Why Am I Getting These Offers?
Once you have begun to establish credit you may notice a barrage of “pre-approved” credit card offers flooding your mailbox. Once your name is out there “in the system” your name, address and some credit info may be shared to “affiliates”. This practice is usually spelled out in the fine print of a lending agreement or a sign-up form. This is usually why people get these offers so often.
Maybe, you went a step further. You called the credit card company up out of interest or curiosity. Sure, they offered you a high credit limit and no interest for the first year! In many cases this doesn’t turn out to be the case. Quite often, these pre-approved offers are a way to fish you into agreeing to different terms. They may offer you a higher interest rate and a lower balance than was advertised in the initial offer. For someone just establishing credit, with minimal accounts being reported, this may not be the worst idea. But, this begs the question: “How are they able to do this to people?”
Bought and Sold
Believe it or not, your information may be bought and sold between credit card companies and, yes, the credit bureaus themselves. As was explained earlier, they get around the legalities by unwittingly having consumers agree to have this practice done. The fine print is so… well… fine because there are clauses buried in it that you might not be so quick to agree to.
As a consumer, however, you have the right to opt out of this practice. There is the Fair Credit Reporting Act which give you the ability to cross your name off the lists that credit bureaus sell and share to lenders and card issuers. This act includes strict guidelines that credit bureaus and lenders must follow when doing business. It protects consumers from fraudulent and criminal practices performed by these institutions. If you wish not to have your information shared and sold you can visit www.optoutprescreen.com to limit the amount of offers you receive.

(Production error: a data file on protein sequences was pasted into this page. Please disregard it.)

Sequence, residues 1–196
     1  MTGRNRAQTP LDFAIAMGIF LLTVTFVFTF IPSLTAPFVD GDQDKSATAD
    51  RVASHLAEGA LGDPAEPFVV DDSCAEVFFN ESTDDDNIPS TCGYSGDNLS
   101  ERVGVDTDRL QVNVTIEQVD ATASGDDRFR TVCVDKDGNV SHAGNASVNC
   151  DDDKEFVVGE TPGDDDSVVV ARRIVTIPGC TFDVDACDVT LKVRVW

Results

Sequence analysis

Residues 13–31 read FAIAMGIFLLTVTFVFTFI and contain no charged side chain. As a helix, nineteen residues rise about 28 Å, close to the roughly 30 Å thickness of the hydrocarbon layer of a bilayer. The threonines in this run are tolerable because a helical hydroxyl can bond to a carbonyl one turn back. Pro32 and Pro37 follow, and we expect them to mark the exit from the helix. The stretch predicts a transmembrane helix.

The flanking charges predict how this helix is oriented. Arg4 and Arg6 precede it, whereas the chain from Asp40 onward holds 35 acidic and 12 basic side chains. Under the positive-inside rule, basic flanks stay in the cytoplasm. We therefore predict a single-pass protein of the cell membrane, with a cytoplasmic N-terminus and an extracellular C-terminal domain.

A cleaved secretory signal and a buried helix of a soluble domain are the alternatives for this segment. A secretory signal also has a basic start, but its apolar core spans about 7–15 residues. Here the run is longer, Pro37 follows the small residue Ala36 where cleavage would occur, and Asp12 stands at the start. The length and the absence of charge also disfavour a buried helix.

What You Should Know
These pre-screened or pre-approved offers have no effect on your credit unless you pursue them. The companies issuing these offers have not run a full credit report on you. They have meerly requested a list of potential clients that meet a specific criteria. Take for example: Discover gets a list from Experian (a major credit bureau) of individuals with credit scores below 680. This criteria meets the type of people they want to issue credit cards to. Speculatively, they are looking for people with less than perfect credit who they can get to agree to a higher interest rate. This results in more profit on their part.
The credit card company does not “pull” your full credit report until you ask them to upon the actual request for approval. This type of credit pull will have an initial negative impact on your credit score. It is in your best interest to limit the amount of these offers you pursue to avoid any unnecessary damage to you credit.
You Are Not Alone
Millions of Americans are tempted into agreeing to these offers every day. Remember that “pre-approved” is usually a ruse that leads to a lesser deal than is offered up front. Know your rights as a consumer. If you feel you are being preyed upon you can make an effort to limit these offers by opting out. Before entering into an agreement with a credit card issuer remember to read the terms and the fine print. Certain key aspects to look out for are interest rate, annual fee and processing fee.
We, as consumers, are entitled to fair treatment from creditors and credit bureaus. Read up on consumer rights on the FTC’s website. Keep coming back to Dean Myerow Finance for more information about personal finance, credit, debt and more.